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Text-to-Speech for Low-Resource Languages (Episode 3): But can it say “Google”?

This is the third episode in the series of posts reporting on the work we are doing to build text-to-speech (TTS) systems for low resource languages. In the first episode, we described the crowdsourced acoustic data collection effort for Project Unison. In the second episode, we described how we built parametric voices based on that data. In this episode, we look at how we are compiling a pronunciation lexicon for a TTS system.

In Project Unison we are developing ways to bring Google's spoken language technology to the world’s major languages. As part of this broader goal, we are piloting a process for building a text-to-speech (TTS) system that can speak Bengali (Bangla). While our exploration of new methods have allowed us to gather sufficient data to train a statistical parametric voice capable of speaking Bengali, we had to address the next challenge: How do we make the voice sound like it is fluent in that language?

When people learn foreign languages, they are usually expected to pick up the full details from repeated exposure once they've mastered the basics and reached sufficient fluency. Often second-language learners struggle with issues that may seem so natural to fluent speakers that they are taken for granted. For instance, in order to read text out loud, one must know how to read different kinds of numerical expressions (e.g. dates, times, phone numbers, Roman numerals), and how to pronounce a wide variety of words, ranging from native words to newly coined brand names to loanwords, which themselves can arrive from different source languages. As TTS systems heavily rely on machine learning, they tend to face similar challenges as human learners: the way words are pronounced is often complex, sometimes surprising, and rarely fully documented.

Take the Bengali word meaning "microscope", which is অণুবীক্ষণ. Its pronunciation can be transcribed in the International Phonetic Alphabet as /ʰɔn/. When our system encounters this word, it analyzes the spelling in Bengali script into abstract written units called graphemes and then predicts the spoken sounds, or phonemes, of Bengali phonology from these graphemes.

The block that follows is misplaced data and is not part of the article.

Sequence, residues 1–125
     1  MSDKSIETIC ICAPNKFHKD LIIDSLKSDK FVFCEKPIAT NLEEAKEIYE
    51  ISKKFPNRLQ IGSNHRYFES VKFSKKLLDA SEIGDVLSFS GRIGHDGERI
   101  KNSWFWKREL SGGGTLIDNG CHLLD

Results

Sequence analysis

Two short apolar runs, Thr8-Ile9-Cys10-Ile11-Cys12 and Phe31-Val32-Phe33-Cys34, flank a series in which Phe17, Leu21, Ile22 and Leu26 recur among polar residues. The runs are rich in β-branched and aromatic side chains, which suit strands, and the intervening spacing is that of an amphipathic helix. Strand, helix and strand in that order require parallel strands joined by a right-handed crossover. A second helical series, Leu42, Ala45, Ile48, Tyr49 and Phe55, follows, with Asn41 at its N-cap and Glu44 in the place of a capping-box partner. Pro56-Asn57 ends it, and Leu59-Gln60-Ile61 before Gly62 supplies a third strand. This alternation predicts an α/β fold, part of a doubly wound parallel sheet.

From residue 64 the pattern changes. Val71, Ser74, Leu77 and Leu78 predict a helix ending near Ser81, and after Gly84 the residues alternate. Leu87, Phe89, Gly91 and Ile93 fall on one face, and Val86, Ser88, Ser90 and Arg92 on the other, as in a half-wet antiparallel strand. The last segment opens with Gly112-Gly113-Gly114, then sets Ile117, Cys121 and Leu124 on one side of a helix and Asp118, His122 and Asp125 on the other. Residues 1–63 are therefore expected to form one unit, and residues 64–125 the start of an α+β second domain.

The correspondence between graphemes and phonemes varies along several dimensions. One dimension is horizontal complexity: in many cases a single grapheme corresponds to a single phoneme, but the Bengali ligature ক্ষ is special, as several graphemes correspond to several phonemes in a somewhat surprising way. Another dimension is vertical predictability: a grapheme may correspond to different phonemes in different contexts and the correct phoneme may be difficult to predict. The Bengali grapheme “a” / “-a” is both very frequent and its pronunciation very unpredictable. It either corresponds to the phoneme /o/ or to the phoneme /ɔ/ or it is not pronounced. In the table above, we see all three possibilities within one word. As is standard in speech processing, our approach relies on human experts who transcribe words into phoneme sequences and machine learning models that capture the complex aspect of the grapheme-phoneme correspondence.

In order for our Bengali TTS system to pronounce the words in a sentence, it relies on a pronunciation dictionary, or lexicon, that provides pronunciations of a number of common words. When a word is not in the lexicon, it falls back on a machine learning model that was trained on thousands of pronunciations, which can then provide a pretty good guess at how a previously unseen word is pronounced. With a sufficiently large pronunciation dictionary, the system can be expected to reach a high level of fluency.